Guidelines vs. Discrimination- How far Can Corporations go in Dictating Hairstyles?
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Unfortunately, natural sisters, the sad truth is that corporations can write their own guidelines regarding dress and neatness policies for their employees. There are currently no federal guidelines in place that pertain specifically to hair or discrimination against hairstyles and thus, that leaves a very gray area for the employers to use at their discretion.
Discrimination against race, gender, age, disability, religion, and cultural garb are mentioned in the EEOC federal laws, but not hair or hairstyles. Braids, dreadlocks and very curly, full natural hair are often targeted as ‘distracting’ in the workplace- but often top choices for natural women. As a natural woman, you can do your best to avoid these issues at work by being proactive in your approach to how you wear your hair.
Review your Company Policy in Depth
Before putting pen to paper and signing your employee handbook, be sure to ask questions about hair and how it may or may not be worn. Verbiage used in company guidelines can be vague- “extreme hairstyles” can be anything like bold color or cuts, to intricate braided styles. Get the specifics.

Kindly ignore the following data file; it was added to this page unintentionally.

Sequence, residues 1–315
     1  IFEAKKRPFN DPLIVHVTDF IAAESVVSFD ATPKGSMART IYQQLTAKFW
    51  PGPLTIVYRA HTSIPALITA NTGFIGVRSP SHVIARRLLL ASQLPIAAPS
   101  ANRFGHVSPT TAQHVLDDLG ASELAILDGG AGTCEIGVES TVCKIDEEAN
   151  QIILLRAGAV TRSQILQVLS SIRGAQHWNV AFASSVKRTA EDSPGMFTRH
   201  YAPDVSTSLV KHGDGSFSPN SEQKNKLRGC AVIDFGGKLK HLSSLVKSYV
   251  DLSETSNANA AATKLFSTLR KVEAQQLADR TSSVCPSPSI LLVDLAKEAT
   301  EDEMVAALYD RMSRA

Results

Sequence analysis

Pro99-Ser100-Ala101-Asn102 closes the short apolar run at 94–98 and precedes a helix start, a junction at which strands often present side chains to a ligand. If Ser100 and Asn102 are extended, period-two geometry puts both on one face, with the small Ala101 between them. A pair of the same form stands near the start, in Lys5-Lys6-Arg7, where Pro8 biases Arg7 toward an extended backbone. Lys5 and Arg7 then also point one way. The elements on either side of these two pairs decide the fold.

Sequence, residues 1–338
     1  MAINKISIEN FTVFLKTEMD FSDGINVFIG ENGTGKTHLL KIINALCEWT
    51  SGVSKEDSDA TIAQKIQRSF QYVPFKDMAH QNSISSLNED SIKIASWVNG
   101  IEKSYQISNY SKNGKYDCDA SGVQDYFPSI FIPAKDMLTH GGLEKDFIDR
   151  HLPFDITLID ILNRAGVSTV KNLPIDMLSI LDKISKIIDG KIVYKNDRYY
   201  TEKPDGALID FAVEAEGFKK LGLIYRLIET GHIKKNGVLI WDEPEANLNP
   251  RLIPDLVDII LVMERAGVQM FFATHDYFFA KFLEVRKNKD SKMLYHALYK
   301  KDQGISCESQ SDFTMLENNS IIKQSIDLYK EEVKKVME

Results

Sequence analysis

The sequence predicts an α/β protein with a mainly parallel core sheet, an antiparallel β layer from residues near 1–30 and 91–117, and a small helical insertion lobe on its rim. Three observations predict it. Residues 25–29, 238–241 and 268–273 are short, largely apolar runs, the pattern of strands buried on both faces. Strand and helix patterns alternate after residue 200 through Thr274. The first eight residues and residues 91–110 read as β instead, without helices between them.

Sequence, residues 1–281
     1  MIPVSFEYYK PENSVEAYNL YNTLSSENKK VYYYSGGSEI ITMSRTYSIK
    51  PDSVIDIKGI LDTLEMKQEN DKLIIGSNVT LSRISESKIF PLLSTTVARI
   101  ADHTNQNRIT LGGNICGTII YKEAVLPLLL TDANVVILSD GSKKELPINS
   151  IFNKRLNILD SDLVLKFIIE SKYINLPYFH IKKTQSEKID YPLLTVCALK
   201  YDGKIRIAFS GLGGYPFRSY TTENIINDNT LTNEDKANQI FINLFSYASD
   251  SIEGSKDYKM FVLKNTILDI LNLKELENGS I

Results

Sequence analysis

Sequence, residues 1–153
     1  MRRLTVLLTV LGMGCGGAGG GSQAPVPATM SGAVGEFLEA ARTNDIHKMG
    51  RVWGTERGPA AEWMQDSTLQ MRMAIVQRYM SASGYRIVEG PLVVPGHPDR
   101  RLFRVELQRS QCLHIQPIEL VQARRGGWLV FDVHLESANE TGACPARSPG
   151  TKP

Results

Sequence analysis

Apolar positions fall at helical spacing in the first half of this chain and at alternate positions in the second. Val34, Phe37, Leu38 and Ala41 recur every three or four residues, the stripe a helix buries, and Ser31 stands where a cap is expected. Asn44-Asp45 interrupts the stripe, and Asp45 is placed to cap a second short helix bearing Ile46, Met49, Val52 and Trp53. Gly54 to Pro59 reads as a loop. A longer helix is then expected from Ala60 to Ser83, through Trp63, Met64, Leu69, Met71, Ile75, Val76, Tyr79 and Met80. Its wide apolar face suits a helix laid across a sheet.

Examine your Company Type
If you work in a conservative, corporate environment, you should realize that all employees will be required to be neat and in business attire for the workplace. Thus, extreme and eye-catching hairstyles should be avoided. Opt for neat buns, ponytails and pinned back/up/to the side styles that are modest and won’t draw undue attention to your appearance. Don’t wear hair ornamentation, bright colors, excessively long wigs etc.
If you’re a lucky gal that works in a creative environment, the rules are often laxer and hair creativity is often encouraged among employees, so do your thing!
Remember, the best way to know the boundaries with your employer is to have an open discussion so that you are clear. Don’t be afraid to ask your potential employers all questions relevant to rules about dress code and hairstyle restrictions. If you feel like you’ve been discriminated against or rejected for employment because of your hair, you can contact a lawyer to find out what your options may be.
Author: Qiana Williams
|“Changing attitudes about natural hair” is what we do at Natural Haircare News. Through informative articles, podcasts and videos, we go beyond just sharing the latest advice and tips on kinky, curly, wavy haircare – We shake things up and focus on the realities of wearing our hair natural.|
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